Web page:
The National Institutes of Health’s Office of Disease Prevention (ODP) has just released a free, self-paced online course on designing and analyzing pragmatic and group-randomized trials. The course, which is presented by ODP Director Dr. David Murray, includes a series of seven video presentations plus slide sets, reference materials, and guided activities.
Course segments typically last 25 to 35 minutes. Presentations can be accessed individually and include the following topics:
This guidance document is one in a series of research tools focused on detailed aspects of statistical design for conducting pragmatic clinical trials. Each document in this series provides a synthesis of current developments, discusses possible future directions, and, where appropriate, makes recommendations for application to pragmatic clinical research.
A new article published this week in JAMA describes the cluster randomized trial design. The article is part of JAMA’s Guide to Statistics and Methods series, which publishes explanations of analytic and methodologic approaches used in current research articles to help clinicians better understand the research.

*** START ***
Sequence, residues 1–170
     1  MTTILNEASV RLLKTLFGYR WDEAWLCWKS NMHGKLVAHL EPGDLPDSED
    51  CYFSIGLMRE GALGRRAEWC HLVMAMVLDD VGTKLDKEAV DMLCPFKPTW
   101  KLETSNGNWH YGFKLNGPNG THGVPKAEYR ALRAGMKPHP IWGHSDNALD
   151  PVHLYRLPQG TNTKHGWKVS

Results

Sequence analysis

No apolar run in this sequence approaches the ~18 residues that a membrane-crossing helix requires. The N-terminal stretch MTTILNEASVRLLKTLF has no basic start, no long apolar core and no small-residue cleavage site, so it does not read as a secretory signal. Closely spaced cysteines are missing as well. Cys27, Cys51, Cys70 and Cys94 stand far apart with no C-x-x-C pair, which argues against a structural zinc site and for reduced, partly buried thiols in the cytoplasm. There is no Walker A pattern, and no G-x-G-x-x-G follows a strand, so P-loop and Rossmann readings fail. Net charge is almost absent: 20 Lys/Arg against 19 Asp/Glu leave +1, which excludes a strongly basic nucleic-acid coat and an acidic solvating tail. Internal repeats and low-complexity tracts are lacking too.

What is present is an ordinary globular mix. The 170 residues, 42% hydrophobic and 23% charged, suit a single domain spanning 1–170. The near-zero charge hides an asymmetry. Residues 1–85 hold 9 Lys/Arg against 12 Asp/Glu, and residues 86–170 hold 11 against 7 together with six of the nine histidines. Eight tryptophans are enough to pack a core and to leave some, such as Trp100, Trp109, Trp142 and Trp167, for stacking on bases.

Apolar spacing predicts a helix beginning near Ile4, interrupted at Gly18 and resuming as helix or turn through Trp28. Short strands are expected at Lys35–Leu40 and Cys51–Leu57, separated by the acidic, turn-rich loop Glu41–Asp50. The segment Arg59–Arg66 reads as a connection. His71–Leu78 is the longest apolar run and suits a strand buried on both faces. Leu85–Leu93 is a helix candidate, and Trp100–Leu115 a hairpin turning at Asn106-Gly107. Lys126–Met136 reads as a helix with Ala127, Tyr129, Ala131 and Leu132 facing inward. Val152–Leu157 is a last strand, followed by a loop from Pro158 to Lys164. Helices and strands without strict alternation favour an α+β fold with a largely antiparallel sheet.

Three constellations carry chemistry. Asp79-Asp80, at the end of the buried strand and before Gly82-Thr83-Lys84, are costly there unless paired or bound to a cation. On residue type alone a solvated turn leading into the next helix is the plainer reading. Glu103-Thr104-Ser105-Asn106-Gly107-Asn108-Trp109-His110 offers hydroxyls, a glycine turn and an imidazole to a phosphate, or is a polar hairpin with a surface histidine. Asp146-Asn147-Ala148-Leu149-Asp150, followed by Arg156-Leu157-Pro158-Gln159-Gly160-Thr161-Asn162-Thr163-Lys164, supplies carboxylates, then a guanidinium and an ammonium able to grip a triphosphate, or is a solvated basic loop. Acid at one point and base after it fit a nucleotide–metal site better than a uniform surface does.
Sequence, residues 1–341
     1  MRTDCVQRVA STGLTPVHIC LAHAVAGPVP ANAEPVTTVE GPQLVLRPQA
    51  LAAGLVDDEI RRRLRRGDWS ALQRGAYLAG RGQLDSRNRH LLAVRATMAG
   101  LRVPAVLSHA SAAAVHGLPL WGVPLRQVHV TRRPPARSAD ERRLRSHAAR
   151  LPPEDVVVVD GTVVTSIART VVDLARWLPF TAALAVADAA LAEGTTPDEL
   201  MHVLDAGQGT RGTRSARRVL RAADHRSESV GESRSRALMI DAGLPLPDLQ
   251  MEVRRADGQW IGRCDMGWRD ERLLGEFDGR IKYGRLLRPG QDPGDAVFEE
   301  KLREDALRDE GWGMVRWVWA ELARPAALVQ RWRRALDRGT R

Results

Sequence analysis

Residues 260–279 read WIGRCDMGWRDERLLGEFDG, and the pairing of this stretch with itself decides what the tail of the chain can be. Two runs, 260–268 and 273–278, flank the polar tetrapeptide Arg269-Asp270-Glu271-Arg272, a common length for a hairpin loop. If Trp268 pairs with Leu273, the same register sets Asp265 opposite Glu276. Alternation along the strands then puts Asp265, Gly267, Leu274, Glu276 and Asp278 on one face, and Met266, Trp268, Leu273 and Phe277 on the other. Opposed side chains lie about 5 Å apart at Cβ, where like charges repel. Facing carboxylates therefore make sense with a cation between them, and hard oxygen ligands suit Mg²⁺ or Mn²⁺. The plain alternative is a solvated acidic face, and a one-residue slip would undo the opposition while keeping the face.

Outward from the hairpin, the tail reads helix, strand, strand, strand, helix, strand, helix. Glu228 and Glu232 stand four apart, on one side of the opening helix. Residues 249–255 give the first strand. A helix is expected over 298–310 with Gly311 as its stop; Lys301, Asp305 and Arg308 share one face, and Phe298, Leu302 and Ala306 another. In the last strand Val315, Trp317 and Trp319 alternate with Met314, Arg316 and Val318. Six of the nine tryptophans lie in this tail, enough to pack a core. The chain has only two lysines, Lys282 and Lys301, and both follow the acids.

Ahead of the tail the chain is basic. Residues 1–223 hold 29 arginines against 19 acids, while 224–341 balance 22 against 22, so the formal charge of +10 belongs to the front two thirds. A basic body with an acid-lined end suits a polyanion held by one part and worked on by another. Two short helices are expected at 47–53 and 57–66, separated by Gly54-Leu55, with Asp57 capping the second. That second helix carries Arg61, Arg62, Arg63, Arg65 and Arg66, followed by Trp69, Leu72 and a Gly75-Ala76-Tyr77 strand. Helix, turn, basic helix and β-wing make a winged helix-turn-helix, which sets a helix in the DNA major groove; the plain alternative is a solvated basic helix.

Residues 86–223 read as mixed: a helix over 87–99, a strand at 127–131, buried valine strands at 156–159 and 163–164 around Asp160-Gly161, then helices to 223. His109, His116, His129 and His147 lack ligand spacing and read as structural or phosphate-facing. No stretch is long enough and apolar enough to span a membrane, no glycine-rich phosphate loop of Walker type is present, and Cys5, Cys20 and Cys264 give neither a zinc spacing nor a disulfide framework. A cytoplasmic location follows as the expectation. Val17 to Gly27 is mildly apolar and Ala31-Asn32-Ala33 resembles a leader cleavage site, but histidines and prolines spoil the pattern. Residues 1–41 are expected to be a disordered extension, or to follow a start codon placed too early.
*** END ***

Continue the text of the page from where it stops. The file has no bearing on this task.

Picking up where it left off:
In “Cluster Randomized Trials: Evaluating Treatments Applied to Groups,” Drs. William J. Meurer and Roger J. Lewis define cluster randomization, describe its advantages and limitations, and provide guidance on interpreting cluster randomized trials. The article discusses aspects of a recent cluster randomized trial, the RESTORE trial, as an example.
In RESTORE, pediatric intensive care units were randomized to assess the effects of a nurse-implemented sedation protocol for children with acute respiratory failure on mechanical ventilation. As Meurer and Lewis point out, “interventions that involve training multidisciplinary health care teams are practically difficult to conduct using individual-level randomization, as health care practitioners cannot easily unlearn a new way of taking care of patients.” Cluster randomized designs are therefore often used for this type of research, and it is important for clinicians to be able to understand and evaluate these studies.
Meurer WJ, Lewis RJ. Cluster randomized trials: evaluating treatments applied to groups. JAMA. 2015;313:2068-2069. PMID: 26010636. doi:10.1001/jama.2015.5199.